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White House $1.8T stimulus offer faces opposition

Senate Republicans and Democrats remain unable to come to a consensus over a new stimulus package. Yahoo Finance’s Jess Smith joins The Final Round panel to discuss the latest happenings down in Washington D.C.

Video Transcript

SEANA SMITH: Let's get to the latest on the stimulus talks. We have President Trump tweeting about it once again this morning, but it now seems that the White House at least seems to be changing its course just a little bit as talks stall once again. Jess Smith has been tracking the latest on these negotiations for us, and, Jess, we know the White House put forth a $1.8 trillion proposal last week. Democrats pushing back on that. Where do things stand now?

JESS SMITH: Well that latest proposal from the White House really rejected by both sides over the weekend. Speaker Pelosi and the chairs of various House committees put out statements over the weekend blasting that $1.8 trillion proposal. In two different letters to her Democratic colleagues, Pelosi outlined the differences that still remain between the two sides. She said that there are still differences when it comes to state and local funding, unemployment insurance, worker protections, child care, among many other issues. In one of the letters she said of the administration, "It is hard to understand who is shaping their approach, which to date has been a miserable and deadly failure. Until these serious issues are resolved, we remain at an impasse."

Meanwhile, Senate Republicans are also blasting this plan. According to the "Washington Post," Treasury Secretary Steven Mnuchin and Chief of Staff Mark Meadows had a call with Senate Republicans, and many of them just kind of railed on this plan, saying that it is just too much money. Now Meadows and Mnuchin did write a letter to Congress yesterday saying that since there isn't an agreement here, Congress should act to allow the administration to use some of the unspent money from the Paycheck Protection Program. They said this all-or-nothing approach is unacceptable.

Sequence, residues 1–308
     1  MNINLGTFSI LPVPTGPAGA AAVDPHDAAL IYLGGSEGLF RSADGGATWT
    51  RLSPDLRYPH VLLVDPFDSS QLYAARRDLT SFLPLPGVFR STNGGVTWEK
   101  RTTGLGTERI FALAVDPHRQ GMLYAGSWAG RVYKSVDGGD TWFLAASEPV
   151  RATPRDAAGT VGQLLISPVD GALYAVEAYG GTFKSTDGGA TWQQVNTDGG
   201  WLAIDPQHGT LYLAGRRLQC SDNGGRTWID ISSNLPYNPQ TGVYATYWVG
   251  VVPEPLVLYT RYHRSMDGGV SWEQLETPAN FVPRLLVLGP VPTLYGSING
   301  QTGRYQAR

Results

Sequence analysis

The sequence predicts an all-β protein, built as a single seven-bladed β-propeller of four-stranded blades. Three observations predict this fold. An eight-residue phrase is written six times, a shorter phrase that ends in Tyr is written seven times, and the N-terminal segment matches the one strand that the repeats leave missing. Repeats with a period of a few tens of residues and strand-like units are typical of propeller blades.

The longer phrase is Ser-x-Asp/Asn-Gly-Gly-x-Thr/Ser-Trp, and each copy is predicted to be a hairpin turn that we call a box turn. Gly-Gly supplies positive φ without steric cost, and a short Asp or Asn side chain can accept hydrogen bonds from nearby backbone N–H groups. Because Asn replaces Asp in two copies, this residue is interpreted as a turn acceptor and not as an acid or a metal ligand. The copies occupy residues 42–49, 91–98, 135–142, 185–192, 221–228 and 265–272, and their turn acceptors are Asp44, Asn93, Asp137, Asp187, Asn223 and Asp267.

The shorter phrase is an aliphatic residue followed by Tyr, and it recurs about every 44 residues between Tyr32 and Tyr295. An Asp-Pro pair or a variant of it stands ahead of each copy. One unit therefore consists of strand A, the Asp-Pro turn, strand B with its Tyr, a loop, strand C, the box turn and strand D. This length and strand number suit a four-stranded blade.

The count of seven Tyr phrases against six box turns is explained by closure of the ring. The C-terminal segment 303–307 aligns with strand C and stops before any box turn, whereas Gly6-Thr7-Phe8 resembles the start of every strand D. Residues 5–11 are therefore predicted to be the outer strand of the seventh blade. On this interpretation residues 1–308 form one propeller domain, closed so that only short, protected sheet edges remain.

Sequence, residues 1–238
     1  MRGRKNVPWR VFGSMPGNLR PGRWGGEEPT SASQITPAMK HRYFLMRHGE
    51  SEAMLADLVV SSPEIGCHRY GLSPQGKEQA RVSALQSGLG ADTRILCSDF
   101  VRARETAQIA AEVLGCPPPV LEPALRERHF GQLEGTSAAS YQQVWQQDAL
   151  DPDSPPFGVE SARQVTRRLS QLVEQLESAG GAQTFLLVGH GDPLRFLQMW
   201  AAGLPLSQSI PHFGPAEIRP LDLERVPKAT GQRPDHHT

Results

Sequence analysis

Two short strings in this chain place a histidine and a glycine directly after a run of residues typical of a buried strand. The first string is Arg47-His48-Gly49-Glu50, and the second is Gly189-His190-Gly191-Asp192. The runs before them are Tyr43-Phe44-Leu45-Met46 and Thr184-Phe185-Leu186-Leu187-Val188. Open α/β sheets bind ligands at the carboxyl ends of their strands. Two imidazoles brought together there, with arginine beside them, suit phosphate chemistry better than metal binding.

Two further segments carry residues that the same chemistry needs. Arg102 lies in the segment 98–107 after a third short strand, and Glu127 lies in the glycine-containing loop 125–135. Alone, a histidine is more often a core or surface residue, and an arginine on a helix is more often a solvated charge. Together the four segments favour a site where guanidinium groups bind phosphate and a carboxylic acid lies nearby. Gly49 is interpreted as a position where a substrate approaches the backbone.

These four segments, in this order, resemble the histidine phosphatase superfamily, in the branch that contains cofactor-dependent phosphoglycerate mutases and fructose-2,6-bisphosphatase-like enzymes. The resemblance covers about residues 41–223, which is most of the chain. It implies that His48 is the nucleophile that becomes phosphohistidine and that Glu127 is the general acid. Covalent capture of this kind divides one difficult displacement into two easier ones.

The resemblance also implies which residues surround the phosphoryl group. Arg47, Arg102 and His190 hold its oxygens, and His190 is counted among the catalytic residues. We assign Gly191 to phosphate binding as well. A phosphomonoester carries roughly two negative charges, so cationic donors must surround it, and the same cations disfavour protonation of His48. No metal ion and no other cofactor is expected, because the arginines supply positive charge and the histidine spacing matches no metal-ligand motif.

But Speaker Pelosi has repeatedly said she does not want to do this piece by piece. The House Majority Leader did put out the schedule for this week, saying no votes are scheduled as negotiators fail to come to an agreement. They could always get called back to Washington, but at this point things don't look promising, Seana.

SEANA SMITH: They certainly don't, Jess. And it's interesting as we've seen, investors able to shrug off the fact that we still don't have a deal, with the Dow up over 300 points. And, of course, we have President Trump tweeting once again, not only about the stimulus talks, but really the stock market's performance recently. And we know he loves to do that because he loves to kind of I guess compare it or take credit, I guess I should say, for its recent performance.

So, he tweeted this morning, "Remember the stock market at an all-time high and going up." He also tweeted that 401Ks are at a record. And then of course he turned that forward to the election, so he's trying to take the attention off the fact that we don't have a stimulus deal and basically saying that with Joe Biden comes tax increases, comes job losses, and a depression like we've never seen before. So President Trump trying to switch a narrative once again away from the fact that we don't have a deal, and, of course, just taking credit for some of the gains that we're seeing in the broader market.